Luxury in India

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Università LIUC Carlo Cattaneo

Luxury in India

Giulia Lupidi, 16430
Vanessa Tagliaferri, 16245

India in the world economy

Table of contents
1. Getting to know luxury
2.1. Categories of luxury brands
2.2. Differences between regular and luxury products
2. Characteristics of luxury industry
3. India market overview
4. Luxury in India
5.3. The growth of the market
5.4. Consumer profile
5.5. The booming: how and why
5.6. The luxury Scenario
5. Strategies for Luxury Marketing in India
6.7. SWOT analysis
6. Conclusion
7. References

1. Getting to Know Luxury
"Luxury is a necessity that begins where necessity ends” Gabrielle Coco Chanel It may well be that luxury is a basic human need- a way of winning something back against the cruelty of life. Luxury brands have often been associated with the core competencies of creativity, craftsmanship, precision, high quality, innovation, & premium pricing. These product attributes give the consumers the satisfaction of not only owning expensive items but the extra-added psychological benefits like the esteem, prestige and a sense of a high status that reminds them and others that they belong to an exclusive group of only a select few, who can afford the pricey items. The luxury sector targets its products and services at consumers on the top-end of the wealth spectrum. These self-selected elite are more or less price insensitive and choose to spend their time & money on objects that are plainly opulence rather than necessities. For these reasons, luxury and prestige brands have for centuries commanded an unwavering and often illogical customer loyalty. Luxury has never been something easy to define, yet this mystery concept is something highly desired by one & all alike. We look at delving deeper into this mystery and aura of luxury goods by way of comparing them against ‘regular goods’ as well as highlighting the characteristics of the luxury industry. 2.1. Categories of Luxury Brands

Luxury and prestige brands such as Rolex, Louis Vuitton & Cartier represent the highest form of craftsmanship and command a staunch consumer loyalty that is not affected by brands. These brands create and and set the seasonal trends and are also capable to pulling all of their consumers with them wherever they go. Premium brands are those brands like Polo Ralph Lauren, Calvin Klein and Tommy Hilfiger that aspire to be luxury and prestige brands but their marketing mix strategies are more attuned to a mass market, albeit a luxury mass market. They are also termed as mass-premium brands or mass-luxury brands. Fashion brands on the other hand are those that address the masses.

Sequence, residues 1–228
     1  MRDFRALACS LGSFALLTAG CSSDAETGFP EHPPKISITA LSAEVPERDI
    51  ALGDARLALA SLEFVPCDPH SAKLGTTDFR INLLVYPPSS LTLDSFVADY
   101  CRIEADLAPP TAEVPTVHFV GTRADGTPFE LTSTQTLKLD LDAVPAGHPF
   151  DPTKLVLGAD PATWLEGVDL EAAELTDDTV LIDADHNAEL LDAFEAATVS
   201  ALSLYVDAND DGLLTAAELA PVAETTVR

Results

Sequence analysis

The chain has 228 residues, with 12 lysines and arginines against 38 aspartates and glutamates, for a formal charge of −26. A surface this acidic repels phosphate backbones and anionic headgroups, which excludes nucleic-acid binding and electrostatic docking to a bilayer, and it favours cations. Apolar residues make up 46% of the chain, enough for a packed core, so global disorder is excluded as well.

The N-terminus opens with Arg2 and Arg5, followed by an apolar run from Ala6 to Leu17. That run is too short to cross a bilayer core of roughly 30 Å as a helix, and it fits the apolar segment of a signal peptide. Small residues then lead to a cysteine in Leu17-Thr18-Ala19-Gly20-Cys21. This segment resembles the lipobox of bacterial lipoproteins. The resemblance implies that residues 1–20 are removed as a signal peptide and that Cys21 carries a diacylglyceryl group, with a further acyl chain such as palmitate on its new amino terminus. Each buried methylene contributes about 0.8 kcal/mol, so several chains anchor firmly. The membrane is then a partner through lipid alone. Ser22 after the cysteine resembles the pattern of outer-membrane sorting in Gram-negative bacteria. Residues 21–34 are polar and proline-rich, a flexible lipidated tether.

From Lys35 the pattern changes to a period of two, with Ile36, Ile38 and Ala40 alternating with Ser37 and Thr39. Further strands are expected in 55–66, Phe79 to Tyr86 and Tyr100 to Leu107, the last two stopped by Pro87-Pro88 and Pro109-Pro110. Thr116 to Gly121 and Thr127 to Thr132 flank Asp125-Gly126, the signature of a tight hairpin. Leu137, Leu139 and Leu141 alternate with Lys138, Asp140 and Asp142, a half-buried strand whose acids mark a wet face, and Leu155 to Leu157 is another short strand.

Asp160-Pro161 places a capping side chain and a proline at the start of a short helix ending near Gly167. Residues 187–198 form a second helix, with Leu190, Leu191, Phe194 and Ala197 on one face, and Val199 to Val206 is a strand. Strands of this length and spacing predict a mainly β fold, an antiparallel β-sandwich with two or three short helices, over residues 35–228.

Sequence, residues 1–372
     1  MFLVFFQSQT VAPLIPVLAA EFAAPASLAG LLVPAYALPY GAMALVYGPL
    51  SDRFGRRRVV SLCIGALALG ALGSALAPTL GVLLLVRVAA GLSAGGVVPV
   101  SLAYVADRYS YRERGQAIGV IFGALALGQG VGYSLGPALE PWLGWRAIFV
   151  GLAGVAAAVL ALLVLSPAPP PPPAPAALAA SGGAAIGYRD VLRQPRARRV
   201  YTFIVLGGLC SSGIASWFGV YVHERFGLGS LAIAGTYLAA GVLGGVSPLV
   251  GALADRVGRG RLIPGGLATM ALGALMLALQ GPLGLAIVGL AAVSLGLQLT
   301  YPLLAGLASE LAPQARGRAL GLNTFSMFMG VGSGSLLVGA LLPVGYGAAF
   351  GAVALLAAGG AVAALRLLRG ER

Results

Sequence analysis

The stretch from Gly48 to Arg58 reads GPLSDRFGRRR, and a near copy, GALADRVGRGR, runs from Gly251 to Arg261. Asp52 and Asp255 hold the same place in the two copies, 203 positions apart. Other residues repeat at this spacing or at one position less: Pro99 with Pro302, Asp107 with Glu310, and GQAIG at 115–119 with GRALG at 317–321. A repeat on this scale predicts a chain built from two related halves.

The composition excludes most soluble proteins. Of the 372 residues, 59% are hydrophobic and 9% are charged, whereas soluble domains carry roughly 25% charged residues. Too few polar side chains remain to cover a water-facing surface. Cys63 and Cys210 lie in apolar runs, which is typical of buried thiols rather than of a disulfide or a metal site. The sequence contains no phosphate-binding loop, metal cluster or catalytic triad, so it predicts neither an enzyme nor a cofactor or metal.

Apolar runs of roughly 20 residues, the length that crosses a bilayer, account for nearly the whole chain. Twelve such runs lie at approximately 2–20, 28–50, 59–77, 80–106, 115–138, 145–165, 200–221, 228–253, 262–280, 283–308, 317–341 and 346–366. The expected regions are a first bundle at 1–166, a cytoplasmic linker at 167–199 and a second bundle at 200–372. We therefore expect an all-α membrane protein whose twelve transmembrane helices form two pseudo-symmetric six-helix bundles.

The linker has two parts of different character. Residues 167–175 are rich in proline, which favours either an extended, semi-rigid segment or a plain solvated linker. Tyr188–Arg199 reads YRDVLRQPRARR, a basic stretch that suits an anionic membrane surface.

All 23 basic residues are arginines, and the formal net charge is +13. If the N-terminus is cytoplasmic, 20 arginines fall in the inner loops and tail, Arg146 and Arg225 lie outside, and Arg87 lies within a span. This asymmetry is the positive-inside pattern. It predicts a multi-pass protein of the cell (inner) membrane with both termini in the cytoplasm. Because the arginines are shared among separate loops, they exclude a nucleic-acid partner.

2.2. Differences between Regular and Luxury Good
A luxury good is a product at highest end of the market in terms of quality and price. The differences between regular and luxury goods can be analyzed under the “Four P” of the marketing mix: * Product– the product or service offered to the customer: * Luxury goods: highly customization or limited editions of products; very high personal service levels. * Regular goods: standardization and service level range from low to high * Price– pricing strategies with the goal of meeting a desired profit margin or costing structure: * Luxury goods: premium pricing

* Regular goods: value for money
* Place (Distribution)– distribution of the product/service to your target market * Luxury goods: selected and exclusive stores at very high-end locations * Regular goods:convenient stores according to the product category * Promotion– communication and endorsement of your product/service to a customer * Luxury goods: premium above-the-line media; product aspirational and exclusivity appeal; mostly celebrity appeals; * Regular goods: all kinds of media used; product functional and aspirational value appeals; all kind...
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